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National Ag News for May 26, 2023

AFBF: Supreme Court Reaffirms Clean Water Rule

The Supreme Court Thursday ruled against the Environmental Protection Agency in the case Sackett vs. EPA regarding the Biden administration’s Waters of the U.S. rule. The court stated that wetlands under the jurisdiction of the Clean Water Act must have a continuous surface connection to bodies of water, making it difficult to determine where the water ends, and the wetland begins. American Farm Bureau Federation President Zippy Duvall responded, “The justices respect private property rights. It’s now time for the Biden administration to do the same and rewrite the Waters of the United States Rule.” Representative Dan Newhouse, a Washington state Republican and Congressional Western Caucus Chairman, says, “This landmark decision from the Supreme Court is a clear demonstration of our nation’s commitment to upholding the principles of individual property rights.” Agricultural Retailers Association President and CEO Daren Coppock added, “The decision finally restores common sense back into WOTUS regulation.”

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Japan Trade Agreement Projected to Grow U.S. Pork Exports

Japan’s pork imports are estimated to increase to more than $6 billion over the next five years, according to USDA’s Economic Research Service. Growth is supported by trade agreements Japan ratified between 2018 and 2021 with its major pork suppliers, including the United States, the European Union, and the ten countries party to the Comprehensive and Progressive Agreement for Trans-Pacific Partnership. These agreements mandate reductions in Japan’s trade barriers on pork imports. A recent report from USDA estimates these trade agreements will boost 2028 exports to Japan from the United States, EU, and CPTPP countries to totals of $2.08 billion, $2.04 billion, and $2.03 billion, respectively. For the United States, this is a large gain compared with a scenario in which the U.S.-Japan Trade Agreement did not exist. Under that scenario, U.S. pork exports to Japan would have totaled $1.41 billion, and EU and CPTPP countries would have gained market share at the expense of the United States.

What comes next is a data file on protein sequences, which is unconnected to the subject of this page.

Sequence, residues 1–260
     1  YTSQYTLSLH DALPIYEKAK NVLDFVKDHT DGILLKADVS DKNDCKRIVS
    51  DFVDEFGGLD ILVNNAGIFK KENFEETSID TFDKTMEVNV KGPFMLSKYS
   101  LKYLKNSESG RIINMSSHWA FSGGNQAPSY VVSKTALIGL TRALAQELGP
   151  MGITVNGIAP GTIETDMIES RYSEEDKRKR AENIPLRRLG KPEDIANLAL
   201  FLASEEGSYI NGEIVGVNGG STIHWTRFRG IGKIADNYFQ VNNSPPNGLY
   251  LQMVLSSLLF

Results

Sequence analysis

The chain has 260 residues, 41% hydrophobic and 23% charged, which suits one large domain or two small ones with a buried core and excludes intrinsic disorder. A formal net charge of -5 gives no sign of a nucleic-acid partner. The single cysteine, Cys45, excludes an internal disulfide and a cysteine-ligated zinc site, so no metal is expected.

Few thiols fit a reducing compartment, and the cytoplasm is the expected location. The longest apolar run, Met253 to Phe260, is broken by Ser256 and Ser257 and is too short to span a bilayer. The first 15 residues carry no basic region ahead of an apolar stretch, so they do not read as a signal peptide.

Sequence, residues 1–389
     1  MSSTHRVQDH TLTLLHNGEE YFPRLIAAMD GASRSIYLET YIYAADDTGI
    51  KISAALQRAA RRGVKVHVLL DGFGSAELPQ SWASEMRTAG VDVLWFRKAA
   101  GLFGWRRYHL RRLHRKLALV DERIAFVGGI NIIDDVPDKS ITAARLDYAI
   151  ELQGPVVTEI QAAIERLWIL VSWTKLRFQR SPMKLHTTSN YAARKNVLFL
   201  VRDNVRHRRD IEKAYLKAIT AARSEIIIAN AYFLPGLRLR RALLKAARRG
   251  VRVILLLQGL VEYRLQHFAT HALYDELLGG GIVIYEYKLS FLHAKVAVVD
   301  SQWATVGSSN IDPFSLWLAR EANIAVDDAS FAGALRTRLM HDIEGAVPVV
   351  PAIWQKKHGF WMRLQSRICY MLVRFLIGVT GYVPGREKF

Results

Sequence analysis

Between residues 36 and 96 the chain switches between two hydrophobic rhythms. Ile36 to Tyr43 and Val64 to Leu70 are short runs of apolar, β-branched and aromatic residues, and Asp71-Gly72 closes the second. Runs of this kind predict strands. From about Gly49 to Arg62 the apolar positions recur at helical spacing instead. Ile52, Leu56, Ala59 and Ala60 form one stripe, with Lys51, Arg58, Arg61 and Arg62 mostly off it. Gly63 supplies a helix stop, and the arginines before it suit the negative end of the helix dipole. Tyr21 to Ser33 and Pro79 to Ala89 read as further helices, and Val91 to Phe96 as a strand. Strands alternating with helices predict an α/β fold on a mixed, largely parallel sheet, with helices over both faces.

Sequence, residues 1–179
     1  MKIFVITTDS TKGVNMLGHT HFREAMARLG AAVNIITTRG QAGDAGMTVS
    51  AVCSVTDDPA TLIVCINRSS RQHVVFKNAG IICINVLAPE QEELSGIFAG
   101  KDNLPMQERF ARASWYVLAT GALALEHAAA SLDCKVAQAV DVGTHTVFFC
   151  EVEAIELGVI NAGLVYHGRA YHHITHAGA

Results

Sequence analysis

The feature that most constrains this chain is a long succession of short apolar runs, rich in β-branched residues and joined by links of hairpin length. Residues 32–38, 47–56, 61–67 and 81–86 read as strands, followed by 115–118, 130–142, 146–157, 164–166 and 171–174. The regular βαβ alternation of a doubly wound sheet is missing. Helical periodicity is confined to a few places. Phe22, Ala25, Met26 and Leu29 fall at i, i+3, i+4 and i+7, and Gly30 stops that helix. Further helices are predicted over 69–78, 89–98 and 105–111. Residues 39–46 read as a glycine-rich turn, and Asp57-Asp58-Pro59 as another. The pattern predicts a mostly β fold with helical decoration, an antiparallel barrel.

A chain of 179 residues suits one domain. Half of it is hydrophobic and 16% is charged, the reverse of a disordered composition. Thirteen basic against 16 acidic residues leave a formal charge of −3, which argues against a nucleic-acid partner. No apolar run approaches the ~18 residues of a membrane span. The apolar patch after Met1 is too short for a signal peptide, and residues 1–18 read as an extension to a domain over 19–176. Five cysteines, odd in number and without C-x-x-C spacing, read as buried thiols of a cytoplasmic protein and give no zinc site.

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Drought Monitor: Southern Plains See Drought Relief

The Southern Plains saw drought relief over the last week, according to the latest Drought Monitor released Thursday. Still, much of the rain arrived too late to rescue winter wheat, though rangeland, pastures, and summer crops greatly benefited from the soil moisture improvements. In Texas, rangeland and pastures rated in very poor to poor condition by the Department of Agriculture improved from 51 to 36 percent during the week ending May 21. On the same date, topsoil moisture was rated less than one-third very short to short in Texas and Oklahoma. Still, despite abundant showers and thunderstorms, pockets of extreme to exceptional drought persisted in western and central Texas and across the northwestern half of Oklahoma. Farther east, most areas remained free of dryness and drought, aside from a few areas in the central Gulf Coast. Meanwhile, variable rainfall extended westward into the central and southern Rockies and eastward to the southern Atlantic Coast.

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Lab-Grown Meat Carbon Footprint Potentially Greater than Retail Beef